I will never give up my quest to find my two children and I trust and hope that they will eventually come to read this document, including those already in the possession of the Department of Social Development and other official bodies involved in this matter.

While these documents are by no means exhaustive, I believe that they present the situation and the factors surrounding the loss of my two children in a correct and proper context, and that by reading these documents, my children will be better equipped to make an informed, objective and balanced appraisal of the events and decisions that culminated in their respective adoptions.

Guy

 

A fundamental human right

It’s hard to believe that in some American states adoptees are still being denied access to their birth records. This sad fact was recently again brought home to me when one of my Facebook friends (and a fellow adoptee) published a link to a young woman’s petition in which she asks for help in finding her birth mother because the state of Texas sealed adoptee birth records when she was born. 

That certain states in a first world country such as America continue to enforce such archaic legislation a decade into the 21st century is mind-blowing. What is their rationale? Who are they trying to protect? Certainly not the child. To know who fathered you and who gave birth to you is a fundamental human right and it should be up to you to decide whether you want access to that information or not. For legislators to make a blanket decision on adoptees’ behalf is a far cry from democracy and a violation of adoptees’ dignity.

The justification that to keep the records sealed is ‘in the best interests of the child’ has long ago been found to be wanting. Thankfully many countries, mine included, are trying to correct this grave mistake. In South Africa the records were unsealed in 1987, enabling countless adoptees to finally obtain at least some answers to the many never-ending questions they have about their birth. Today the Department of Social Development formerly assists adoptees in their search for the birth parents, provides psycholigical counselling where needed and facilitates the reunion process.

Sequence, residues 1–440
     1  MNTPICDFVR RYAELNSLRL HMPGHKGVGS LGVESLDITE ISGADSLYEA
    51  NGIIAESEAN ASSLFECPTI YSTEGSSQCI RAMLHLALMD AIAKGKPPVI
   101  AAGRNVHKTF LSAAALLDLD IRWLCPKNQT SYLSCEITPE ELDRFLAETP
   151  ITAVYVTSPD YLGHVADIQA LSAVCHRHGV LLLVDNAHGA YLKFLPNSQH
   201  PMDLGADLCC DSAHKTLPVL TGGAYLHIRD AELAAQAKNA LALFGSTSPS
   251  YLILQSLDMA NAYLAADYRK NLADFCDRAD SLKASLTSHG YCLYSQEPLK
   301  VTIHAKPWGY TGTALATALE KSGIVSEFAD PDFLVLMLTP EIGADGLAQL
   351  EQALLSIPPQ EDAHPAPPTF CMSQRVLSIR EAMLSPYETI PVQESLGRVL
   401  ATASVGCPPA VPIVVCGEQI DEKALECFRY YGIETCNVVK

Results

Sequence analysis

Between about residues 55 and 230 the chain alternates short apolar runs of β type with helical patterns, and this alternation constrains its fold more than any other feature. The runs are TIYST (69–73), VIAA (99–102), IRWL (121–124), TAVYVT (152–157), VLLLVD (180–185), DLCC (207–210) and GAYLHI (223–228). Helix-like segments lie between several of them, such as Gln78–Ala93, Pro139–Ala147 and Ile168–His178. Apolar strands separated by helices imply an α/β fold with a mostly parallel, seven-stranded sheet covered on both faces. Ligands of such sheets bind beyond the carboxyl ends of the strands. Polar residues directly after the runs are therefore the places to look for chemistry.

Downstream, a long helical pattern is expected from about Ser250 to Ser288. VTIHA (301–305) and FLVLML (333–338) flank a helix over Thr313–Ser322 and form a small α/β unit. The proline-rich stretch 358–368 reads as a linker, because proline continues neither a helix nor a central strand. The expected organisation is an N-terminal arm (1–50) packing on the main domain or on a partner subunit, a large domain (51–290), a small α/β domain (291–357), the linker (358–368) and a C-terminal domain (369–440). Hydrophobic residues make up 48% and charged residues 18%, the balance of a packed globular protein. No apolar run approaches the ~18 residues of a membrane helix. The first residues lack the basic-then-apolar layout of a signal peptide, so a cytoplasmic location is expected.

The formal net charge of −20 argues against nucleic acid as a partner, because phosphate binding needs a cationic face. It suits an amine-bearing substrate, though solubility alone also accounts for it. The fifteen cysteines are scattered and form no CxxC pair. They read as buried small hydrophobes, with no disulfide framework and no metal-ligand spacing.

To deny human beings access to information about their birth is nothing short of barbaric. It creates a wound that cannot heal, but only continues to fester, often to the extent that it invades all aspects of the adoptee’s life. Yes, the information that lies within the folders of one’s birth records can lead to painful disclosures, but I speak from personal experience when I say it is better to have a painful truth to deal with once and for all than to contend with ongoing speculation and fantasies. Sometimes the only way to heal a wound is to throw salt on it.

I wasted no time in signing Kim’s petition. If you’re reading this blog, regardless of whether or not you’re an adoptee, I hope that my words will compel you to sign it too.